Update 3 - Lights and reflection

Update 3 - Lights and reflection - student project

Update 3:

Question 1:
I am trying to set up my next video in which I would be talking and also showing how I paint. Last two weeks I have tried different light setups but I either see light glare on my oil painting surface while I paint or through the camera (for the viewer) or both. I request you to give me some guidelines for this setup. I want my face to be properly lit up, no glare on my painting when I paint and also no glare for the viewer through the camera.

See attached photos to know about my messy setup. 

I am using a canon dslr camera 700D and use two 50W light bulbs for lighting the scene.

I recently bought two shadow boxes thinking they would solve the problem of reflection but they didn't. Should I return these?

Question 2:
I am also facing an issue of shallow depth of field/low light.

I am using manual mode and use f11 to keep my face as well as the painting in focus. but then I am having to use ISO 800 for a good exposure. Do I need more lights or is there anything I can do to get good exposure?

Thanks for your time,








Hi Lucy,

Here is my 3rd version of the talking head video.

So, as you mentioned last time, I have exchanged key and fill light, added brushes in the foreground and added some more stuff in the background.

 Let me know your comments.

One thing that happens and I want to avoid is exposure level changes when my hand (or any other object) comes in the view and goes off. I think to avoid this, I need to focus camera on my face and press the * button on my canon 700d to lock exposure.

How can i do that when I am the one who is appearing in the video? I use a prop (a paper bag as shown by you) for focusing, but how do I (and should I) lock the exposure?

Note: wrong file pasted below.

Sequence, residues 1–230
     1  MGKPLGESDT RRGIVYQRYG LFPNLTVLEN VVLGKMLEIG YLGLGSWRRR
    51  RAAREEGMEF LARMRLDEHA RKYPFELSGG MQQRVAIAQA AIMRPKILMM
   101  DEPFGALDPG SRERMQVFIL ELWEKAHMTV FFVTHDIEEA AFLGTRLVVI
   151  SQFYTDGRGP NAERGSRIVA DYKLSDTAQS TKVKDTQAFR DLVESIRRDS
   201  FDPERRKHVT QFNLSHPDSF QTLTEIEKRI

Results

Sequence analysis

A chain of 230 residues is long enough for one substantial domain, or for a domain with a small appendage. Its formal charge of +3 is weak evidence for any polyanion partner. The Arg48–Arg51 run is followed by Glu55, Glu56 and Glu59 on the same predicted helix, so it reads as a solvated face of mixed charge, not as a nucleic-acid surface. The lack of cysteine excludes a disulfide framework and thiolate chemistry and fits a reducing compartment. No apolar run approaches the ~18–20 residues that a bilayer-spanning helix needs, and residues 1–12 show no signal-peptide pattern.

Update 1 - 21 Aug 2019



Hi Lucy,
Over the last couple of days, I tried several configurations of video setup and showing you two setups that I have found to be OK. Setup 1 has more light on the background whereas setup 2 has a darker background.
Let me know which one looks better. I think the setup 2 has a lot of grains in the background as it is dimly lit. This setup also looks too stark or contrasting to me.
I had issues with face tracking autofocus and wasted 1/2 a day in it and finally decided to use fixed manual focus.

Though I have placed a small painting and some brushes in the background, I feel background needs something more to bring on a look of an artist's studio. But I have limited scope to throw the background out of focus due to lens and size of the room.
What do you suggest that will bring in more feel of a studio?

I also would like your complete review of the setup to make it look better.

{Please ignore the audio quality as I have not used lapel mic and not made any attempt to reduce reverb in the room. This is the audio from the camera's built-in mic.}



Here is a short clip for my new class about "drawing". Though I have made 28 online courses on various art topics, I have been avoiding making talking head videos as I am camera shy (and I don't like to see myself in photos or videos). 

For the first time, I have tried two camera angles and mustered the courage to do more talking head video.

I am aware of the horizontal banding that this video has due to improper light & camera setup and I'll make sure that I correct that in the final video. Other than that, please let me know your review comments about:

1. The first impression I make

2. my content delivery (speed, clarity etc)

3. camera angles

3. lighting

4. scene setup ( background, my clothes, easel setup, things to add, things to avoid/remove etc) 

and anything else that comes to your mind.

You can be ruthlessly honest in your feedback and also tell me your suggestions to improve on things that you point out.



Fine Artist, Sculptor, Illustrator, Designer